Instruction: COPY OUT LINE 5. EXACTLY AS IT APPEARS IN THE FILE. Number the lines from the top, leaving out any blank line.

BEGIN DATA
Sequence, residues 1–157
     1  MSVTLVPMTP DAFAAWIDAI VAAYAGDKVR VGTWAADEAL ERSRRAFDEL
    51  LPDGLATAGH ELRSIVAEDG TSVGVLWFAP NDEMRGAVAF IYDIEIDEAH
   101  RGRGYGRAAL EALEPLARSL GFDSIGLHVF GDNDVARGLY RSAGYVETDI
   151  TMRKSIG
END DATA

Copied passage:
   151  TMRKSIG